I sampled goods on my way back from the market to the subway station and got a few bargains on vegetables, stewed walnuts and shrimp (S's beer snack) and yummy sushi eggs for today's Doll Festival salad sushi. The beer snack vendor even threw in a small bag of sweet black beans which I'd sampled and decided were good, but not good enough to buy the huge bag on display. If I'd seen the smaller bag, I'd probably have asked the price and purchased it, so I was glad for the freebie.

Today was the local Daruma Ichi, a festival with about 250 stalls selling all sorts of foods and trinkets in addition to daruma dolls near a big temple. J asked me to make her a lunch to take because the food stalls aren't all that cheap and she wanted to go with her friends. I made a fried noodle lunch for M too as her friends stopped by to see if she could play today and the weather was so nice that I didn't think she'd want to come home and waste an hour for lunch. Then I got the weekend grocery shopping done and took N and L on the bus to the festival. We met J and her friend who had finished exploring the temple and were desperately looking for the key to the friend's bicycle with no success. I lent her my phone and she managed to explain to her grandmother at home where the spare was and ask her to have her brother bring it to her by bus on his way to the festival.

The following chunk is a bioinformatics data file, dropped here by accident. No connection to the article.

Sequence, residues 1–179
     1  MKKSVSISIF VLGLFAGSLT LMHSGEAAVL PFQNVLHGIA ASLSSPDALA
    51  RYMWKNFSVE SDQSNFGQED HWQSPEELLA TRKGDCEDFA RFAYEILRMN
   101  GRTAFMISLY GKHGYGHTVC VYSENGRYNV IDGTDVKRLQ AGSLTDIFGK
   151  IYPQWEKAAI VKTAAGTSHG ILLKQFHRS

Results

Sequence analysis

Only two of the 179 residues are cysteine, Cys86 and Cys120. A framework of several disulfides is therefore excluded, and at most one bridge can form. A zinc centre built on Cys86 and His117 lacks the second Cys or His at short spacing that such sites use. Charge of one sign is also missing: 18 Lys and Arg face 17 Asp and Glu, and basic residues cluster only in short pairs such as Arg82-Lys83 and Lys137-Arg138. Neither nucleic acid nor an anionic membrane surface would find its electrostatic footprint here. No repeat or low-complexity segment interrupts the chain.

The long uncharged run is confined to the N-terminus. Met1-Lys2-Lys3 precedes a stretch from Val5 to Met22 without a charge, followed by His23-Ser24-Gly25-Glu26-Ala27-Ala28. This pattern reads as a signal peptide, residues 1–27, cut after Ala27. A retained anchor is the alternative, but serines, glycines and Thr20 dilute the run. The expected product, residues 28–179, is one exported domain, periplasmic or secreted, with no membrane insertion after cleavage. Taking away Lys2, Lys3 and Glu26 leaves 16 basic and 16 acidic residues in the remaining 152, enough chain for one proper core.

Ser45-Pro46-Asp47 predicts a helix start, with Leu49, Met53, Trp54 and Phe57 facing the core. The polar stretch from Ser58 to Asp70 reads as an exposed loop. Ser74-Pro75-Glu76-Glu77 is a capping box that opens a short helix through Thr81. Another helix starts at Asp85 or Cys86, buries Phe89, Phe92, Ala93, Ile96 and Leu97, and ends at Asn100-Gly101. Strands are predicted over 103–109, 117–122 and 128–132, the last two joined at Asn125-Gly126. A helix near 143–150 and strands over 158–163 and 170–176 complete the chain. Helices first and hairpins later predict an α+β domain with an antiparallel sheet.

Resolving that situation left us free to do our own wandering through the stalls of brightly painted daruma dolls of all sizes and the commotion of vendors hawking their wares. Of course it was a perfect situation to lose a kid or two, so I gave N & L instructions on where to meet if they got tired of wandering through the throngs. L soon went on his merry way and the instructions proved useful. We walked the mile and a half home enjoying the plum blossoms in gardens along the way instead of attempting to get on the crowded buses.

N helped me make our fishmarket egg and salmon sushi salad dinner to celebrate the Hina Matsuri doll's day which was today. She and L also filled and pressed 40 pumpkin gyoza together for me to fry. Now, happily full, we have to clean up a bit to make room to go to bed.


The Phone Rings